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Guideline Summary
Guideline Title
Clinical policy: critical issues in the evaluation and management of emergency department patients with suspected appendicitis.
Bibliographic Source(s)
Howell JM, Eddy OL, Lukens TW, Thiessen ME, Weingart SD, Decker WW, American College of Emergency Physicians. Clinical policy: critical issues in the evaluation and management of emergency department patients with suspected appendicitis. Ann Emerg Med. 2010 Jan;55(1):71-116. [71 references] PubMed External Web Site Policy
Guideline Status

This is the current release of the guideline.

This guideline updates a previous version: American College of Emergency Physicians (ACEP). Clinical policy: critical issues for the initial evaluation and management of patients presenting with a chief complaint of nontraumatic acute abdominal pain. Ann Emerg Med 2000 Oct;36(4):406-15. [137 references] PubMed External Web Site Policy

Scope

Disease/Condition(s)

Acute, nontraumatic abdominal pain and possible or suspected appendicitis

Guideline Category
Diagnosis
Evaluation
Management
Risk Assessment
Clinical Specialty
Emergency Medicine
Pediatrics
Radiology
Surgery
Intended Users
Physicians
Guideline Objective(s)
  • To provide evidence-based recommendations on critical issues in the evaluation and management of emergency department patients with suspected appendicitis
  • To address the following critical questions:
    • Can clinical findings be used to guide decisionmaking in the risk stratification of patients with possible appendicitis?
    • In adult patients with suspected acute appendicitis who are undergoing a computed tomography (CT) scan, what is the role of contrast?
    • In children with suspected acute appendicitis who undergo diagnostic imaging, what are the roles of CT and ultrasound in diagnosing acute appendicitis?
Target Population

Patients presenting to the emergency department (ED) with acute, nontraumatic abdominal pain and possible or suspected appendicitis

Note: This guideline is not intended to address the care of patients with trauma-related abdominal pain, or pregnant patients.

Interventions and Practices Considered
  1. Patient history and physical examination
  2. Risk stratification to guide further testing and management
  3. Computed tomography with or without contrast
  4. Ultrasound
Major Outcomes Considered
  • Diagnostic performance outcomes (e.g., sensitivity, specificity, likelihood ratios, predictive values) 
  • Missed or delayed diagnosis of appendicitis

Methodology

Methods Used to Collect/Select the Evidence
Hand-searches of Published Literature (Primary Sources)
Hand-searches of Published Literature (Secondary Sources)
Searches of Electronic Databases
Description of Methods Used to Collect/Select the Evidence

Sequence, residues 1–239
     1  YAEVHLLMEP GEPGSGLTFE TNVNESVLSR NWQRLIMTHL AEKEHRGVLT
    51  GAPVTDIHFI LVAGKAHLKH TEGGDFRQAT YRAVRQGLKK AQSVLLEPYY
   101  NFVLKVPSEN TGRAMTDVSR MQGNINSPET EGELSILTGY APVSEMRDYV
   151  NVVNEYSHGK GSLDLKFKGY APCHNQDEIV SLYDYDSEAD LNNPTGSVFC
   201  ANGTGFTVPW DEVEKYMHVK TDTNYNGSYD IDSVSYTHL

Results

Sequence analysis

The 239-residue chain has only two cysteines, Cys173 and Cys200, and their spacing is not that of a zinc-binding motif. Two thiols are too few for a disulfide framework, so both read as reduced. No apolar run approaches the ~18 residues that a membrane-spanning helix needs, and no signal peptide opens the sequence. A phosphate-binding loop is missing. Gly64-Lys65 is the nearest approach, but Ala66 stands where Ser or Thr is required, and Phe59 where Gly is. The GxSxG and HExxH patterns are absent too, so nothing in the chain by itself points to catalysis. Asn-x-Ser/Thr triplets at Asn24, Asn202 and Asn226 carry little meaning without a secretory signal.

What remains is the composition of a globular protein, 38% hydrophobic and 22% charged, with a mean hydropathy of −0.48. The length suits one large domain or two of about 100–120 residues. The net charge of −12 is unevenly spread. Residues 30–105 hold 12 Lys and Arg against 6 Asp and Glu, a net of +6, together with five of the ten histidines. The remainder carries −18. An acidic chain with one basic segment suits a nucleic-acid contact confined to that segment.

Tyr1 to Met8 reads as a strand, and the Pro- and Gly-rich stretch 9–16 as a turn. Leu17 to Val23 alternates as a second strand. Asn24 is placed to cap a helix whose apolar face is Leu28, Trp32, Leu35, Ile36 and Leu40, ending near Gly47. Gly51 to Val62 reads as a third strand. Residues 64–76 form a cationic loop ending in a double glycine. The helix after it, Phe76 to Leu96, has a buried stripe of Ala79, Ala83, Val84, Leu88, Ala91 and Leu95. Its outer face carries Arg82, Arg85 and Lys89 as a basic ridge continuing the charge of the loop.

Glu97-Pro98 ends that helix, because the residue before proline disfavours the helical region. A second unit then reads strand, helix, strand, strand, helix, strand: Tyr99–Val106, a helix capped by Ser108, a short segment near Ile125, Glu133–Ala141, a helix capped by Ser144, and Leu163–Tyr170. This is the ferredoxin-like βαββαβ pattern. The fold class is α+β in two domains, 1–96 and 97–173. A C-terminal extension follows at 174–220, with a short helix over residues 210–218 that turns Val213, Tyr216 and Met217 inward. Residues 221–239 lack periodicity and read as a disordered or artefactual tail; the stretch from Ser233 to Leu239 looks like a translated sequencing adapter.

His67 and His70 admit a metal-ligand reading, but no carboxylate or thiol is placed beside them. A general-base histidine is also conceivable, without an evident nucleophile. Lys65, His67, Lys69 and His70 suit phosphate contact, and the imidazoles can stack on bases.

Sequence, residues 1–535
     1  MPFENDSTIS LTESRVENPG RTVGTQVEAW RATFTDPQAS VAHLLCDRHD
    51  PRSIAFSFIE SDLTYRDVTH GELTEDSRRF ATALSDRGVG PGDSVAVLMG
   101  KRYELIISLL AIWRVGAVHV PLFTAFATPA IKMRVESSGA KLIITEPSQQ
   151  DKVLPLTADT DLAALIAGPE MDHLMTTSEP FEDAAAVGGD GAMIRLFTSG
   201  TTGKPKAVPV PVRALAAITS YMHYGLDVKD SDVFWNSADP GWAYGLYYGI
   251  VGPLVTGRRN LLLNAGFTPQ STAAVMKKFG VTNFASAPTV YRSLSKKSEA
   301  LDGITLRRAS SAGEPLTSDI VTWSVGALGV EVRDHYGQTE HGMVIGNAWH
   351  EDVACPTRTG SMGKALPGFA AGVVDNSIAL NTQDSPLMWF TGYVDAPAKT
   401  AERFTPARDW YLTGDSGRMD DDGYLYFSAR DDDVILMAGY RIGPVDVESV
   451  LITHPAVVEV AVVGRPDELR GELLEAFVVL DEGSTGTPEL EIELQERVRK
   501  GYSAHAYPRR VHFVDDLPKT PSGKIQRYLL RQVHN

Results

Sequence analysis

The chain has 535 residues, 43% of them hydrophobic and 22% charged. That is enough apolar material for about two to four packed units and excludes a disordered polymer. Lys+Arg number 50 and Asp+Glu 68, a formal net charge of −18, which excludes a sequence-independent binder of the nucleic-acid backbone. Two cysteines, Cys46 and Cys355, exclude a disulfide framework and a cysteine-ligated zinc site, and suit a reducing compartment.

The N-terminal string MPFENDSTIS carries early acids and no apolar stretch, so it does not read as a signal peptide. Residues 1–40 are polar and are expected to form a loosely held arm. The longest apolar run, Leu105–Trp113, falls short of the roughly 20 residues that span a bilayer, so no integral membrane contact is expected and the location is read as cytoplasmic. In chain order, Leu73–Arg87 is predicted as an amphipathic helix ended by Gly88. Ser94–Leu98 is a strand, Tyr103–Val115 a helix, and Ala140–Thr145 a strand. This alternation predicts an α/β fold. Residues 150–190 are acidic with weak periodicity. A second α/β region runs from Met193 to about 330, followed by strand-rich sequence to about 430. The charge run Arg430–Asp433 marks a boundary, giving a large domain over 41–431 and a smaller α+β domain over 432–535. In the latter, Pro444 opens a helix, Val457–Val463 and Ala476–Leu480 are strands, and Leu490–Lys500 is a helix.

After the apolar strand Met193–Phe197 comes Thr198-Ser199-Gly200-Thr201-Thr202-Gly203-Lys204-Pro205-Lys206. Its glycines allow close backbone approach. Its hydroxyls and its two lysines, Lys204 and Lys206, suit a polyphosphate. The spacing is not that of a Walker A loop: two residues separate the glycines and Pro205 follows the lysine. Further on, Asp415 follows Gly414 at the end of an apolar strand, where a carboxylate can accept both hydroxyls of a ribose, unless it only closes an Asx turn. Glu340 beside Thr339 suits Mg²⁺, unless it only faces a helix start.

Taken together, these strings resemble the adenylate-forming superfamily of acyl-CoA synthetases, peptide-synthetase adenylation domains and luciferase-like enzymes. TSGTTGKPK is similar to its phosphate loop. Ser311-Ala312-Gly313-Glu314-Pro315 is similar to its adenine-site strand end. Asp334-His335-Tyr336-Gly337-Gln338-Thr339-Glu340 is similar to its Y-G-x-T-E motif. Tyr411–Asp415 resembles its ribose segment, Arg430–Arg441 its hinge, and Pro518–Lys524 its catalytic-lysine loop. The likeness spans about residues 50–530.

This clinical policy was created after careful review and critical analysis of the medical literature. Multiple searches of MEDLINE and the Cochrane database were performed. Specific key words/phrases used in the searches are identified under each critical question in the original guideline document. To update the 2000 American College of Emergency Physicians (ACEP) policy, all searches were limited to English-language sources, human studies, and to articles published from January 2000 to March 2007. Additional articles were reviewed from the bibliography of articles cited and from published textbooks and review articles. Subcommittee members supplied articles from their own files, and more recent articles identified during the process were also included.

Number of Source Documents

Not stated

Methods Used to Assess the Quality and Strength of the Evidence
Weighting According to a Rating Scheme (Scheme Given)
Rating Scheme for the Strength of the Evidence

Strength of Evidence

Literature Classification Schema*

Design/Class Therapy† Diagnosis‡ Prognosis§
1 Randomized, controlled trial or meta-analyses of randomized trials Prospective cohort using a criterion standard Population prospective cohort
2 Nonrandomized trial Retrospective observational Retrospective cohort
Case control
3 Case series
Case report
Other (e.g., consensus, review)
Case series
Case report
Other (e.g., consensus, review)
Case series
Case report
Other (e.g., consensus, review)

*Some designs (e.g., surveys) will not fit this schema and should be assessed individually.
Objective is to measure therapeutic efficacy comparing ≥2 interventions.
Objective is to determine the sensitivity and specificity of diagnostic tests.
§Objective is to predict outcome including mortality and morbidity.

Approach to Downgrading Strength of Evidence*

  Design/Class
Downgrading 1 2 3
None I II III
1 level II III X
2 levels III X X
Fatally flawed X X X

*See "Description of Methods Used to Analyze the Evidence" field for more information.

Methods Used to Analyze the Evidence
Review of Published Meta-Analyses
Systematic Review with Evidence Tables
Description of the Methods Used to Analyze the Evidence